A two-day food safety conference rounded off yesterday calling on the government to set local food standards in line with internationally recognised ones and strengthen the Bangladesh Food Safety Authority (BFSA).
Held at a hotel in the capital, the conference underscored the need for following international standards in food additives, food labelling and marketing so that consumers get safe food on their plates.
The conference, which came up with a nine-point action agenda, recommended the government to provide BFSA with adequate human resources capable of ensuring that only safe and healthy foods are marketed.
Established in February 2015 in line with the Food Safety Act, 2013, the BFSA has long been limping with a skeleton staff.
AKM Nurul Afsar, national team leader of Food and Agriculture Organisation (FAO), Bangladesh, stressed the need for Bangladesh to complete the process of harmonising with the regulatory regime under Codex Alimentarius.
Codex Alimentarius is a collection of standards, guidelines and codes of practice in global food trade.
Foreign Investors' Chamber of Commerce and Industry (FICCI), Metropolitan Chamber of Commerce and Industry (MCCI), BFSA and Bangladesh Standards and Testing Institution (BSTI) jointly organised the conference.
Some 350 officials from government agencies, academia, researchers and representatives of packaged food companies and experts of international organisations participated in the event.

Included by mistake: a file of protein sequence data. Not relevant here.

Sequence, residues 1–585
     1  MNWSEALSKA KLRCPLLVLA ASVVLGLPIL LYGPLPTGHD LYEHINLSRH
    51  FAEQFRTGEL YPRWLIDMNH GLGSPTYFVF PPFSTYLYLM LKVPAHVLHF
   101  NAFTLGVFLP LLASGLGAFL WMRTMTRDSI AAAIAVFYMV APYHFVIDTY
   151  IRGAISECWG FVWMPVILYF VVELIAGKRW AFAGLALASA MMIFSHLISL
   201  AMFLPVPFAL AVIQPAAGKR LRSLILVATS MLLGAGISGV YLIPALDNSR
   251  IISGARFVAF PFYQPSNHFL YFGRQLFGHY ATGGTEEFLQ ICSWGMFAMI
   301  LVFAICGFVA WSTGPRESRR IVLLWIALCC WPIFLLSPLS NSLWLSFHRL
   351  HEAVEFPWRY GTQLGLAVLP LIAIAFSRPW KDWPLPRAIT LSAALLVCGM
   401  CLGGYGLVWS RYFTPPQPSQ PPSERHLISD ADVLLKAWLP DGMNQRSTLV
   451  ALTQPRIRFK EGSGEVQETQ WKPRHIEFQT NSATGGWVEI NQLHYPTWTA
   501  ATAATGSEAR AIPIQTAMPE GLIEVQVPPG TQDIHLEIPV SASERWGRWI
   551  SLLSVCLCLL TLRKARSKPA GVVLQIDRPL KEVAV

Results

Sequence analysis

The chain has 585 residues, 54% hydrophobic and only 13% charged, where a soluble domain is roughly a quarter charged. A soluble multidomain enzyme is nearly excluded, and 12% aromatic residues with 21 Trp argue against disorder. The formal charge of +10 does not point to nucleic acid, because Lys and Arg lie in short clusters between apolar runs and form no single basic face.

The conference took place at a time when concern on food safety among citizens is ubiquitous, thanks to numerous allegations of adulteration and unhygienic practices.
The conference suggested monitoring, upgrading domestic food testing laboratories as well as self-regulation by the processed food makers to ensure food safety and win consumer confidence.
At a session on food safety, FICCI official Shadab Ahmed Khan said self-regulation within the food industry would help develop the market and increase confidence of regulators and consumers.
Asif Iqbal, executive director (marketing) of Meghna Group of Industries, said Good Agriculture Practice (GAP) and Good Manufacturing Practice (GMP) have to be self-imposed in each factory.
“We need strong intervention to protect consumer rights and we need self-regulation,” said Murshid, director general of Bangladesh Institute of Development Studies (BIDS).
Some 25 lakh people are engaged in the food business and of them 15 lakh are directly linked with the food trade.
BFSA said it had taken up an initiative to get 25 lakh food businesses registered. This would allow them to be properly monitored and supervised.
BFSA aims to make processed food producers comply with standards so that safe food can be ensured by 2021.
At the closing session, Food Minister Qamrul Islam said the government works to ensure constitutional right of every citizen to safe food.
Commerce Minister Tofail Ahmed said Directorate of National Consumer Rights Protection (DNCRP) has taken steps to protect rights of consumers. The office under the Commerce ministry received 6,060 allegations and resolved 5662 of them, he said. It fined violators of consumer rights Tk 6.14 crore, he said.